Estimated reading time: 11 minutes
You feel broken inside. No matter how much gratitude you practice or positive self-talk you use, the feeling of emotional brokenness does not go away. “Am I broken? Am I flawed?” you wonder. Read this article to learn more.
Table of Contents
What is emotional brokenness?
Emotionally, feeling broken manifests as:
- Crying easily or often
- Uncontrollable anxiety
- Depressive or low mood
- Hopelessness or despair
- You might notice, “My brain cannot feel happiness” or “My brain keeps spiraling out of control.”
In your self-perception, you feel:
- A sense of failure
- Low self-esteem
Interpersonally or in romantic relationships, you feel:
- Unlikeable or unlovable
- Unworthy of love
- Socially anxious – “What if I embarrass myself or get rejected?
- Less than – “Other people seem not to be broken..”
- You might wonder, “What’s wrong with me? Why am I different? I am broken. I must be broken.”
How can emotional brokenness impact you and your life?
You have questions, “am I too broken to be loved?” You fear that if someone gets to know the “real you,” they’ll run away or hurt you, and so you
- Unconsciously sabotage things
- Misinterpret neutral signals as signs that the other person will leave
- Choose people who are not healthy for you because they at least can “tolerate” you
- Avoid dating altogether
Maybe it’s hard to open up and be vulnerable. You’re afraid to burden others with your brokenness. As a result, you keep a distance. Or, you put up with unhealthy friendships in your life because you’re not sure you’d be able to find better people.
You do the bare minimum to survive each day. It’s hard to nurture and love your body, soul, mind, and heart. What’s more, you numb yourself with social media and shows. It’s hard to pursue what will bring you joy in life because you don’t know what you want. Perhaps you don’t see what you want because you feel it’s unattainable anyway.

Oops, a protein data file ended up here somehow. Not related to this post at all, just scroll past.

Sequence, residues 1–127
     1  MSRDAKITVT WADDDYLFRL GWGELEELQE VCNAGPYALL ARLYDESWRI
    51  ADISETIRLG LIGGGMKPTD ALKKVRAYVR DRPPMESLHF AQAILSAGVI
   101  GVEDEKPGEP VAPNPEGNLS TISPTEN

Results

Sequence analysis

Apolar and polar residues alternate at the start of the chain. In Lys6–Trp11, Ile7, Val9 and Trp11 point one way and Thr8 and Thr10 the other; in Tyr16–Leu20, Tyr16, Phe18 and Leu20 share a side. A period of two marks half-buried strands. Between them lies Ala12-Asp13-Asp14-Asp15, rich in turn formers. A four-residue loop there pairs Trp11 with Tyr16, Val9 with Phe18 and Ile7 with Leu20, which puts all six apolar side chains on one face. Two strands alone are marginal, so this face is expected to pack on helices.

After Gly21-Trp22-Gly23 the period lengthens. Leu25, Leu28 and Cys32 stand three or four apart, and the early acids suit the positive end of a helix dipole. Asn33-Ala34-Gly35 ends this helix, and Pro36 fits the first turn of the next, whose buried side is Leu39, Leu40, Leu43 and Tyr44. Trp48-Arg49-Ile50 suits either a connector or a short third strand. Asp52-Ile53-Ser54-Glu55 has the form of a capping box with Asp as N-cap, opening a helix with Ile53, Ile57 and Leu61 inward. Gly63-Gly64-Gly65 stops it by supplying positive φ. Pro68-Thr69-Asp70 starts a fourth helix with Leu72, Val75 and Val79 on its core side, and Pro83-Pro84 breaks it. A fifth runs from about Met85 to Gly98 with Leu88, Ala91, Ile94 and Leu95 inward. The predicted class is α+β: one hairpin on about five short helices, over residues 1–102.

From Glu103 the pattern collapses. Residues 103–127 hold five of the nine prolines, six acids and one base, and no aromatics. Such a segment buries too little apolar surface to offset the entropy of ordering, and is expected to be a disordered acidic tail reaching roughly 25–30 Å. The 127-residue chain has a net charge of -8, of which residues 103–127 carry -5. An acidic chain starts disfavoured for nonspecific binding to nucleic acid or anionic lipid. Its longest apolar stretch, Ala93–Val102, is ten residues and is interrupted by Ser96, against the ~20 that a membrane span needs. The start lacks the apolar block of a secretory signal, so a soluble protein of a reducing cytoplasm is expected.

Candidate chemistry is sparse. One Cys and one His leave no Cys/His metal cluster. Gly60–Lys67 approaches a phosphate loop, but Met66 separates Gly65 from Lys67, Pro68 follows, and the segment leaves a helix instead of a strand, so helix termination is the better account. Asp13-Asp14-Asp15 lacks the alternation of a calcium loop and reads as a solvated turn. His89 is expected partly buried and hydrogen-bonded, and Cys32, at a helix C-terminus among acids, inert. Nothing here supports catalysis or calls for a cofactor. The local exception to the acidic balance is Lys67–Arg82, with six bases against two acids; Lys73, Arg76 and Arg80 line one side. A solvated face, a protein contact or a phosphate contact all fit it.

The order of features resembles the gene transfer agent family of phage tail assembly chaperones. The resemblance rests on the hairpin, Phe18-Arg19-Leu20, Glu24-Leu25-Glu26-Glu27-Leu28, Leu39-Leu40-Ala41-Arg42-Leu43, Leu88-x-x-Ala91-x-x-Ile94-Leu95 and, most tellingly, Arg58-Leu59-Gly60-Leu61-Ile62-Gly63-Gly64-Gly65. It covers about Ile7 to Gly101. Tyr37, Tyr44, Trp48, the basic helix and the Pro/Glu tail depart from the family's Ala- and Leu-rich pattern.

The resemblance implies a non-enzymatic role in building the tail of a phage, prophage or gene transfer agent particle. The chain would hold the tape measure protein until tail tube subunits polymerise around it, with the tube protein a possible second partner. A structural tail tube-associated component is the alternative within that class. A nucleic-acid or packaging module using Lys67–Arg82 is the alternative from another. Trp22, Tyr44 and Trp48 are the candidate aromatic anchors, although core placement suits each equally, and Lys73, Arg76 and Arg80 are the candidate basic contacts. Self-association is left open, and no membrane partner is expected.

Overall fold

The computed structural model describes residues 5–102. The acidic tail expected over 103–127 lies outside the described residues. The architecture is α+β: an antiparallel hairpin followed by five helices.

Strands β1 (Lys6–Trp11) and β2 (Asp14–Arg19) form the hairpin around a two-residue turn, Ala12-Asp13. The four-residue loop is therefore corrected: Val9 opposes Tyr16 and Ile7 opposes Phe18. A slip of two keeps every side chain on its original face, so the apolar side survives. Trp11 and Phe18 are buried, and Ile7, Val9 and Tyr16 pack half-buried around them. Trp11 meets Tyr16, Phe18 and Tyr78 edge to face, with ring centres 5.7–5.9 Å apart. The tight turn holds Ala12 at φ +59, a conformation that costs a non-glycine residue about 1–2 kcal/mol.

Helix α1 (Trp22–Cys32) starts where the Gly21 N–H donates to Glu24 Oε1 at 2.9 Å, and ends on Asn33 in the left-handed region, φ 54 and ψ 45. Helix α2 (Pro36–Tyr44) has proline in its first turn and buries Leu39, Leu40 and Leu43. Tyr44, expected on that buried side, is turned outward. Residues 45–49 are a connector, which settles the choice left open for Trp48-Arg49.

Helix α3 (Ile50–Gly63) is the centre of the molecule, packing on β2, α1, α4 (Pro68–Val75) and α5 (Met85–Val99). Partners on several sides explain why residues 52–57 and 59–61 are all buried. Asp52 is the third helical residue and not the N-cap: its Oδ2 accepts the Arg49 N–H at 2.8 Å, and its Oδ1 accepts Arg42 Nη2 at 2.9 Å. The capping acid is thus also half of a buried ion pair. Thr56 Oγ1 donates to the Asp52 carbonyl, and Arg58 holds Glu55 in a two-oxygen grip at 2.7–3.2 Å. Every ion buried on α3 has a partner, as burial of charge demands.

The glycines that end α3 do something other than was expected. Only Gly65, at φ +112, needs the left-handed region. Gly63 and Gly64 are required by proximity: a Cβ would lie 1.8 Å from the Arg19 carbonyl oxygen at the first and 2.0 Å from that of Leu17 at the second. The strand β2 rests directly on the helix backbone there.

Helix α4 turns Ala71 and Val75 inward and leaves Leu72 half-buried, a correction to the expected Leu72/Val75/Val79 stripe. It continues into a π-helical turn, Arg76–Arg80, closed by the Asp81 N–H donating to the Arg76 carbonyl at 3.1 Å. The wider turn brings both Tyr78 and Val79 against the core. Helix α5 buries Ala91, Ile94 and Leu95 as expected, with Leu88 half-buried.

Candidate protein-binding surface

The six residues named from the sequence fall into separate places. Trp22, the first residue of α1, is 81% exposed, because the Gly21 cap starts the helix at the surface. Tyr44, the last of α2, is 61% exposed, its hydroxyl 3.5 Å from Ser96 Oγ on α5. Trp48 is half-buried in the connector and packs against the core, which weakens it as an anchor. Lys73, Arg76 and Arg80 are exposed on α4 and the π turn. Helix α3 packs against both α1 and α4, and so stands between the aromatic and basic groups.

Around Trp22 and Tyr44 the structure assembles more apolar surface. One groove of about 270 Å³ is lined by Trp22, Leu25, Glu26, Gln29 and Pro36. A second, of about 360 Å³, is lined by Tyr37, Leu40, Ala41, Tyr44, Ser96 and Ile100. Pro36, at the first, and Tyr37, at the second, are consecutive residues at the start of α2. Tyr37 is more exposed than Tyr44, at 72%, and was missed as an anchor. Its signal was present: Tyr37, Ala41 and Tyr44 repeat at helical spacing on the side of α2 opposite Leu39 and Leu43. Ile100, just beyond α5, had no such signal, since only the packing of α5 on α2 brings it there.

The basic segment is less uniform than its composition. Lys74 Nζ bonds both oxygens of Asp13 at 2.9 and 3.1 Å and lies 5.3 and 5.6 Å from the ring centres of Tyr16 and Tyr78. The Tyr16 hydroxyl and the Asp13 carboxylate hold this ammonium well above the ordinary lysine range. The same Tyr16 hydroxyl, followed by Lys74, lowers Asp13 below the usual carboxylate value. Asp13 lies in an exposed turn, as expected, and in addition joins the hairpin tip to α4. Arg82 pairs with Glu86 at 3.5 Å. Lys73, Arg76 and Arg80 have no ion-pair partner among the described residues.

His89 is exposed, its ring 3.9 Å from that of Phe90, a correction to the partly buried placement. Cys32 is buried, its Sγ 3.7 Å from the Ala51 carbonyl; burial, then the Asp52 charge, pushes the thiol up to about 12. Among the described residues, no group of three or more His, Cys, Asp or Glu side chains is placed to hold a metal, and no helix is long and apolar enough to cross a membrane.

Why am I so emotionally broken? Why do I feel broken?
Internalized messages about being broken
Here is a story I hear from some of my clients, “I don’t remember when I last felt happy. And I always wonder what went wrong. I have a good life and a decent job. I have friends and family. So why do I feel so lonely and depressed?” Is this you?
Chances are that you’ve explicitly or implicitly been told that you are inadequate or flawed. In truth, you may not even realize this until you take a deep dive into your experiences.
Family: Were you told you were less than? Were you belittled? Were you seen as unlovable? Bound to fail and amount to nothing? Did you feel different and isolated from others around you?
Community: Were you seen as flawed or bound to be broken because you come from a single household? Or a family struggling with mental health or substance abuse issues? Did you feel broken because your neurodivergent brain functions differently from the “typical” learning and processing style?
Media and society: Did society convey messages about your skin color, hair, physique, or personality type? Or your social, economic, and cultural location? That because of these traits or these aspects of you, you’re less than or inadequate?
Keep in mind that these are simplified examples. Often, multilayered factors contribute to feeling broken. Our family, community, the media, and society convey these messages subtly and overtly. Furthermore, these messages interact in our psyches in complex ways.
Trauma can contribute to feeling emotionally broken
Another reason we may feel broken could be due to distinct traumatic experiences. Do you remember the last time you felt whole? Or at least the last time you felt less broken inside? Maybe something happened, and you started feeling broken.
In this case, remember that you are not broken. Ask yourself: What has made me feel broken? What has broken me? What have I seen break the people around me?
- Was there a loss? Was there once a person in your life who could acknowledge your whole self?
- Have you experienced race-based, intergenerational, or immigration trauma?
- Were you physically or sexually threatened or hurt? Were you emotionally abused?
- Did you experience betrayal? Rejection? Ongoing blame?
Ever since what happened, you’ve been feeling inadequate, ashamed, unlovable, empty, or persistently depressed. Traumatized people can feel broken and incapable of being in an intimate relationship.